Military mascot Major Major

Major Major with Lieutenant J.E. May, July 1942.

Major Major, No. 1 Dog, 2 NZEF, 19 Battalion and Armoured Regiment

Major was a white bull terrier and an Australian by birth. He was given as a pup to Errol Williams, a New Zealand cadet at the Royal Military College, Duntroon, and emigrated to New Zealand with his master in 1938. After war was declared in 1939 Captain Williams was appointed to the Special Force, which was then being formed, and eventually became adjutant of 19 (Infantry) Battalion.

Major was a dog of no rank at this stage, but when he too joined the Special Force he was registered as No. 1 New Zealand Dog. He paraded through Wellington with his unit before it left for the Middle East and listened patiently to the good wishes of Prime Minister Michael Joseph Savage at a gathering in Parliament grounds.

Captain Williams and Major arrived in Egypt with their unit in February 1940 and trained at Maadi Camp. They were then sent into the Western Desert for the long, hot and dusty business of digging the Baggush Box. Major, still a young dog, eagerly took part in this work.

Major did not serve in the Greek and Crete campaigns because he was at Middle East Officer Cadet Training Unit (OCTU) in Cairo with Captain Williams until the end of June 1941. His time at OCTU was busy. He made the acquaintance of many local dogs and did not escape unscathed. In June 1941 he appears in a photograph with his left ear flopping down. It continued to do so for the rest of his life.

Promoted to 2nd lieutenant, the terrier joined Wellington West Coast Company of 19 Battalion, which Williams then commanded. In August 1941 he went with the battalion on exercises to the Canal Zone, relieving the monotony via a liaison with a naval Pekingese from a British ship. Major followed his company into Libya in November 1941, but after several days of fighting he was sent back behind the lines. During the advance on Ed Duda Captain Williams was killed in action. Major took the death hard and refused to be comforted.

In December Major passed into the care of Captain Bill Aitken and returned to Maadi. He was promoted to lieutenant, then to captain before leaving for three months in Syria. When the Germans advanced into Egypt in June 1942 the New Zealand Division was called back and entered the line at El Alamein. In July, after about 10 days fighting, Major was wounded in the thigh by shrapnel. His wound was dressed at the RAP truck, where he was given a field medical card and then evacuated to an Advanced Dressing Station. From there he was invalided back to Maadi camp.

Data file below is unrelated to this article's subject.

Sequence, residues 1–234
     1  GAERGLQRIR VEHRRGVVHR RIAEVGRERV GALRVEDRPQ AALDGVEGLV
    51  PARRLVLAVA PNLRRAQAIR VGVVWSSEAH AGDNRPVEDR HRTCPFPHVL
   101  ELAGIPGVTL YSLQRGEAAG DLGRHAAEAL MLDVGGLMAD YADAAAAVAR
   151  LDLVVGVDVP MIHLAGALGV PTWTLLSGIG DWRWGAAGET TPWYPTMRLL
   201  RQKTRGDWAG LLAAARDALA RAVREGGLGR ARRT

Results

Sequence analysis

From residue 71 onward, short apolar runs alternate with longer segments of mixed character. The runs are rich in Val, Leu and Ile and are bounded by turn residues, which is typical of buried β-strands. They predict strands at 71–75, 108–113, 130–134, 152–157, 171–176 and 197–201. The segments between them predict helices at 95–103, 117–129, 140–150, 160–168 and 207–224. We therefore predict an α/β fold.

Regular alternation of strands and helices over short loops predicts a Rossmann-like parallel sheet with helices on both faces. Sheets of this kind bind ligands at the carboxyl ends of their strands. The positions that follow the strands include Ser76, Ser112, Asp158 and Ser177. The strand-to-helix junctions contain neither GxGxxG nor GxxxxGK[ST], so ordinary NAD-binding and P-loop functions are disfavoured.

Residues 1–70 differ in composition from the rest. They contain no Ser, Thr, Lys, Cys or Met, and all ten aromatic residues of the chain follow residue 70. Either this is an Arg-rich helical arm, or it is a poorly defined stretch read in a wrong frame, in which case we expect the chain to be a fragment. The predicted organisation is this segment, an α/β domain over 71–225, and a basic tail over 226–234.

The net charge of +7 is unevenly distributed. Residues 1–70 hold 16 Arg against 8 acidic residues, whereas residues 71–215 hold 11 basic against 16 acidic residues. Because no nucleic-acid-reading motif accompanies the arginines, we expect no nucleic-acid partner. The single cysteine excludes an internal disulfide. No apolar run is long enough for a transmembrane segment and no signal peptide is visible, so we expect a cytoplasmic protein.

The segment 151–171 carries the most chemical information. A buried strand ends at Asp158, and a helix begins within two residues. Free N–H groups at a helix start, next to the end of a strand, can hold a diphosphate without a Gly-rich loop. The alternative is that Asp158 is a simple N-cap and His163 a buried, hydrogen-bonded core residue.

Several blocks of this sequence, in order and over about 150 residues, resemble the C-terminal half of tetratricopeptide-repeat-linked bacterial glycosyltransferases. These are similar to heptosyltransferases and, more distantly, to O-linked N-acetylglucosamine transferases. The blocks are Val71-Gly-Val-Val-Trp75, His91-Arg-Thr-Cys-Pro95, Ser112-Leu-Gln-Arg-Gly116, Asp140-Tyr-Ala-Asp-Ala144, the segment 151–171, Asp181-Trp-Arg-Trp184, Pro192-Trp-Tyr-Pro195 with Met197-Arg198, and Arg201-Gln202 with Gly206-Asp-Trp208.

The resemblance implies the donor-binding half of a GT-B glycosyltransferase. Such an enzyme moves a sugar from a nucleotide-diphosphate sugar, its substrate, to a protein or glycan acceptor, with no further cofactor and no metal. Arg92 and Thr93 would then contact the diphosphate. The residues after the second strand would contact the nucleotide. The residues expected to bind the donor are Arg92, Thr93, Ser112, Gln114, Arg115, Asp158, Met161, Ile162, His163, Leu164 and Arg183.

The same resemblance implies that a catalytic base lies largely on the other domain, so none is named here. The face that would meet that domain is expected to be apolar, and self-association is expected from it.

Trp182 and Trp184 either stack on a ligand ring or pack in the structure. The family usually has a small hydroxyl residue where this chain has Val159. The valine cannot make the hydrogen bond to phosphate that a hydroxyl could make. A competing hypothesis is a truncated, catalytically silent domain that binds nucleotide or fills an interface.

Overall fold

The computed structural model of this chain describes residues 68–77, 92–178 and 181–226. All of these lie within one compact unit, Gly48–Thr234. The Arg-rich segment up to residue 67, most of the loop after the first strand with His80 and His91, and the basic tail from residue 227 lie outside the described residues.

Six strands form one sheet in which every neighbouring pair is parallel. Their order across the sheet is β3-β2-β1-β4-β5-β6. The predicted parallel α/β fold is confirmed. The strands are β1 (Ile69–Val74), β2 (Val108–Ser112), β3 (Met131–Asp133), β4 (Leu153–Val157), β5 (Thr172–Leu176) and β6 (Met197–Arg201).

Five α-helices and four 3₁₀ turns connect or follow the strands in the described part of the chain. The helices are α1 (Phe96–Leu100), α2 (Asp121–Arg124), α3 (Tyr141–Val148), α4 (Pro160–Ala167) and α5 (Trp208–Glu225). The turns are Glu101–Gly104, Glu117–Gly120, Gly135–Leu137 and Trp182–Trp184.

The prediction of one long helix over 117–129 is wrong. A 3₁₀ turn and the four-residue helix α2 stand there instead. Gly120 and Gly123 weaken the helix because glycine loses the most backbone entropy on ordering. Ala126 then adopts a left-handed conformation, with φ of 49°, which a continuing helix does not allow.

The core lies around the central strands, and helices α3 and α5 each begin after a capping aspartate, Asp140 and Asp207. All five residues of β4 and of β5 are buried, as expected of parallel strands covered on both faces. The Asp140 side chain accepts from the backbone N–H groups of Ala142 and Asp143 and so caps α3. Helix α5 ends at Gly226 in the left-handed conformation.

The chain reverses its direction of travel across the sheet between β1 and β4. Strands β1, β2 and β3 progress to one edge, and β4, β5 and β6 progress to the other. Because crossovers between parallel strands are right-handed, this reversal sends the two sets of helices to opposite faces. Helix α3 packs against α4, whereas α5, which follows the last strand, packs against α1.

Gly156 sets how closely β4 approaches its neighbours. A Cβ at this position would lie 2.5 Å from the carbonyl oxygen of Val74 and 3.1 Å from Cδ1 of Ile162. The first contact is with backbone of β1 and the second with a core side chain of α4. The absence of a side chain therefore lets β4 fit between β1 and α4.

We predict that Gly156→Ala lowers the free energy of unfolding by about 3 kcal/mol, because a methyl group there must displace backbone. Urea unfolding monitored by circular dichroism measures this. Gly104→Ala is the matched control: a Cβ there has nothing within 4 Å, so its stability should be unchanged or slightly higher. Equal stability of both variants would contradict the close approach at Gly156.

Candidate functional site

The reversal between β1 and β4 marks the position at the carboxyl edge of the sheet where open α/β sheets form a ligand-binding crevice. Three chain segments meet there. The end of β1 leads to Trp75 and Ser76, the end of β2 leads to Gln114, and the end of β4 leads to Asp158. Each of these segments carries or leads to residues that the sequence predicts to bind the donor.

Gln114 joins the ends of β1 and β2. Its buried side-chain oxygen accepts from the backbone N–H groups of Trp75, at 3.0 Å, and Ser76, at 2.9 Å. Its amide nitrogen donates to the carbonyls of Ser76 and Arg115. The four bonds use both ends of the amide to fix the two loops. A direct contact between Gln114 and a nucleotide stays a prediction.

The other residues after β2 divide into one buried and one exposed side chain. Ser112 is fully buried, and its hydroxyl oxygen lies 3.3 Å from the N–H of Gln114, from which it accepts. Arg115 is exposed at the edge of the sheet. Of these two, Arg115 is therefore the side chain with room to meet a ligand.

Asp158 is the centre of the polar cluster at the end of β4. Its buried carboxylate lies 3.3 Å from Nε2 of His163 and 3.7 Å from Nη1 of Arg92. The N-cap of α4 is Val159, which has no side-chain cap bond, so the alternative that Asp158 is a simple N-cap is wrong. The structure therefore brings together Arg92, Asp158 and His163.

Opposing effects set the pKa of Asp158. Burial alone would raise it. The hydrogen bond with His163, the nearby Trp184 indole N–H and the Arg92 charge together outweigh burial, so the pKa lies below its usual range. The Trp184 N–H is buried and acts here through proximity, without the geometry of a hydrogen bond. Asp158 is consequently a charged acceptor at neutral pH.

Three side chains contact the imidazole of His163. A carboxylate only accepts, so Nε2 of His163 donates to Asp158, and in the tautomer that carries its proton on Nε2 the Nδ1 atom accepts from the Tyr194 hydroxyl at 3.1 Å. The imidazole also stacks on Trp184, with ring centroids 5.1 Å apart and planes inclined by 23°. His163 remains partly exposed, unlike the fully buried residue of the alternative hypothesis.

In the meantime, Captain Aitken, 'the keeper of the dog', was taken prisoner. When Major returned to his unit he was attached to Major Tony Everist. In September 1942 the bull terrier was promoted to the rank of major, and in the same month he finished second in the 33 1/3 yards dog paddle at the battalion's swimming sports.

While training as an armoured unit in February 1943, 19 Regiment – as it became – was inspected by Lieutenant-General Bernard Freyberg, commander of the New Zealand Division. Major wore his special jacket with unit colours and emblem. The general took note of Major's attendance: 'Ah, the old dog. You've been on every parade yet.' 

The regiment sailed for Italy at the end of 1943, the old dog now accompanied by his new keeper, Lieutenant Steve Whitton. Major served until his death on 17 December 1944, probably from pneumonia. He was buried with full military honours at Rimini.

Regimental Sergeant Major Dave Rench wrote that 'When we laid Major to rest at Rimini, I think perhaps some of the later members of the unit found it hard to appreciate the deep sentiment shown by the old hands for the old Dog. However, it was not only as a unit mascot that Major was so affectionately remembered, but as a link with his first fine soldier master, Capt E.W.S. Williams, killed in action 28 November 1941 – a man to whom the 19th owed much, and who we buried on the rocky slopes of Ed Duda in November 1941 – and indeed to many other good men who had followed him as Keeper of the Dog who now shares with two of them a place on the 19th's Roll of Honour.'